We’re purchasing satellite time, looking for leaks in the system, and we’ve replaced literally hundreds of miles of pipeline and tightened up our systems significantly.
We’re also focused upstream on our suppliers, to make sure that we’re getting supplies from individuals that are also paying attention to their emissions. And we’re working with our customers to make sure that we can do everything we can to ensure that their emissions are reduced.
World Finance: Your stated mission is to “deliver energy that makes life better for people and the communities [you] serve” – what does that look like in practice?
Jeff Householder: Well I think that follows several different patterns. One is, everywhere we go with natural gas, we find that economic development improves. We bring jobs to the communities, it really is an amazing thing to see communities blossom when they get natural gas service for the first time.
I’ll give you an example, we recently expanded down into another area in southern Maryland that had not had natural gas service before. Converting oil, coal, much more significant emission fuels. And we’re seeing economic development in those areas flourish. I mean you’re beginning to see additional jobs come into those communities because of the expansions of industry and commercial development that’s occurring around the natural gas opportunity.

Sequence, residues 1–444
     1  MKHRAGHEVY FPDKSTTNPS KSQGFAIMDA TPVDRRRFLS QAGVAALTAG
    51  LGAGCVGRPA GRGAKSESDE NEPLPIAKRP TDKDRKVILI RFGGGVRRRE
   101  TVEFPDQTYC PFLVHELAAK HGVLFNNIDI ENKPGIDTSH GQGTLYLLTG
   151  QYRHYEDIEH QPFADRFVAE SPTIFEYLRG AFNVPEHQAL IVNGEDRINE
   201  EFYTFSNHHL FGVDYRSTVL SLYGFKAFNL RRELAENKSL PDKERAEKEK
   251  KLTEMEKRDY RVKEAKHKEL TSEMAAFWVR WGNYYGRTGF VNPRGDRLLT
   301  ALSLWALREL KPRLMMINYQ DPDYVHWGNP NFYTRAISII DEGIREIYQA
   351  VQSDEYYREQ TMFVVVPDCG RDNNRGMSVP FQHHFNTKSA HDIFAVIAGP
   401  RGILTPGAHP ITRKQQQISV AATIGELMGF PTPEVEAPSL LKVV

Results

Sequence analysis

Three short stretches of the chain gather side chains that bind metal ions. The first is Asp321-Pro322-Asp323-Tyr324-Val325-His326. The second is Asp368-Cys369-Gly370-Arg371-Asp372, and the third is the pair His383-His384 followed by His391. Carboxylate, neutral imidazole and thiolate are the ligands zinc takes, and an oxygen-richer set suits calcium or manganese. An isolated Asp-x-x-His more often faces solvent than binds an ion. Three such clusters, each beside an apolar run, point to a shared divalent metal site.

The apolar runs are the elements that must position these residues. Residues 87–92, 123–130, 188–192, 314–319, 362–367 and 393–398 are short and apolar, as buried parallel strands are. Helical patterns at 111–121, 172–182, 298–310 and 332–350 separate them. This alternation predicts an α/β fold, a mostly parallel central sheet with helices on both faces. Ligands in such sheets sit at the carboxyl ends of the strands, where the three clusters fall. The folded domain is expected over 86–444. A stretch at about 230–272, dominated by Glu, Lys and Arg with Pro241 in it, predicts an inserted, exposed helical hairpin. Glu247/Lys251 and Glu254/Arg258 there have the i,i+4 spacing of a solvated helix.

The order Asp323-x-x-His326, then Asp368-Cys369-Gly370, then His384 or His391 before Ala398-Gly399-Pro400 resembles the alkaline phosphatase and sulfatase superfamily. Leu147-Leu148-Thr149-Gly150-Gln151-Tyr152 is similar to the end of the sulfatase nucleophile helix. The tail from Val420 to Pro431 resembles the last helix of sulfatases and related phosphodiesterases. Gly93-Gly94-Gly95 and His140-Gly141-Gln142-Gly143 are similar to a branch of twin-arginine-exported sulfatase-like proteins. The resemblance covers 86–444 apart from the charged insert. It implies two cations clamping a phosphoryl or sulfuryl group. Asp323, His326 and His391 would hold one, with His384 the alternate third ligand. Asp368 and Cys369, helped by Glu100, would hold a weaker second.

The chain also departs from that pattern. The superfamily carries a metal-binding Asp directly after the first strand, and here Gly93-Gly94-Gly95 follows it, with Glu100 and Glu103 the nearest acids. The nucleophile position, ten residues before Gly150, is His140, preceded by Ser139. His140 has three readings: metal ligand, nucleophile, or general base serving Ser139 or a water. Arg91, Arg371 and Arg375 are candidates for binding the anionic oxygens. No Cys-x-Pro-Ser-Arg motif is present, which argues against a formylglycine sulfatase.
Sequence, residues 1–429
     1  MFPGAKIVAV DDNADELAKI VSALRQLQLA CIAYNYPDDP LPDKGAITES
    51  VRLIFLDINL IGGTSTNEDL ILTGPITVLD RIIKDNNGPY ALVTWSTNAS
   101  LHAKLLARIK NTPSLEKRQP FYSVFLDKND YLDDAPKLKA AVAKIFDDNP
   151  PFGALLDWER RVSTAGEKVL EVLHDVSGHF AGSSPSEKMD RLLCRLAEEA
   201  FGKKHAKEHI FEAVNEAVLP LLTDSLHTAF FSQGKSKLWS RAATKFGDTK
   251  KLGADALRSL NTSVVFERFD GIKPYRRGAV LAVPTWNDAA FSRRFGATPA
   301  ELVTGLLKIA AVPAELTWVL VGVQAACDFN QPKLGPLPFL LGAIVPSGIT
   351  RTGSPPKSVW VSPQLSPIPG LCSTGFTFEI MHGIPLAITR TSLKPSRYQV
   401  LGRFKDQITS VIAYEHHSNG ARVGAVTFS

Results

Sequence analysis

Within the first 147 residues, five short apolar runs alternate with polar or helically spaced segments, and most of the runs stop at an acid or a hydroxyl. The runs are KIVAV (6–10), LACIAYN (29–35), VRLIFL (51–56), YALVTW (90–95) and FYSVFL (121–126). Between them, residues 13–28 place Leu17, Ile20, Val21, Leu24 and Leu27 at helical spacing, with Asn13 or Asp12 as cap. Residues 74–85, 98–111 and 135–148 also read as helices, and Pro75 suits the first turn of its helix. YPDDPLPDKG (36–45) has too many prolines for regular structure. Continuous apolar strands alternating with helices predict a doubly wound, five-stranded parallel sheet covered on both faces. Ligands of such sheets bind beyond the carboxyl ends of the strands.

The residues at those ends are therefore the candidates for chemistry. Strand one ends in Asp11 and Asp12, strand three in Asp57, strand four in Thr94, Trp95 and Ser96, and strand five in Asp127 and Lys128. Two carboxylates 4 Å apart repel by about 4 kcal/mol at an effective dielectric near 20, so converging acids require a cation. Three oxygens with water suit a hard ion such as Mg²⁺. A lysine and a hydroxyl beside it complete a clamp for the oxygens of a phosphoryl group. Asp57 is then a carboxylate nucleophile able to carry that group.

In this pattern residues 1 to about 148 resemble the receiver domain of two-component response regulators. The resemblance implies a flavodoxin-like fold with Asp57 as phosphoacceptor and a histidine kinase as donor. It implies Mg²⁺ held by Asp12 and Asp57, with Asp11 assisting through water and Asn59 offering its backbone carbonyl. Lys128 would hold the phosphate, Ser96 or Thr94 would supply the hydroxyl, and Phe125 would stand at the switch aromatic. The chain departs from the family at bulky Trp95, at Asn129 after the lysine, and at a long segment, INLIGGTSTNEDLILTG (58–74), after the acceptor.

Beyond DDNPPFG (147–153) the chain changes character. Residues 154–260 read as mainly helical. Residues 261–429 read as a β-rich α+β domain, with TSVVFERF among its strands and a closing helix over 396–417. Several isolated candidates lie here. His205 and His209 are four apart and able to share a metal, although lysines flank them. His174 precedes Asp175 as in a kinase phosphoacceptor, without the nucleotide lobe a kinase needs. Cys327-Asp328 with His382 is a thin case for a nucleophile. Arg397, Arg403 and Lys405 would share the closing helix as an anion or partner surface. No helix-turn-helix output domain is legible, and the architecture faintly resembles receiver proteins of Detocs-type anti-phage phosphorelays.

We also have a group of employees that are highly engaged and that are highly dedicated, not just to supporting customers, but to supporting the communities where we serve. And so we have high levels of charitable contributions, employee volunteerism. We really spend a fair amount of time in our company thinking about how we are providing services to customers, how we are supporting our communities. And what we need to do to make sure that our employees are engaged and able to participate in all of those things.
World Finance: Congratulations on winning the World Finance award for Best Corporate Governance in the US for 2022; what does this recognition mean to you?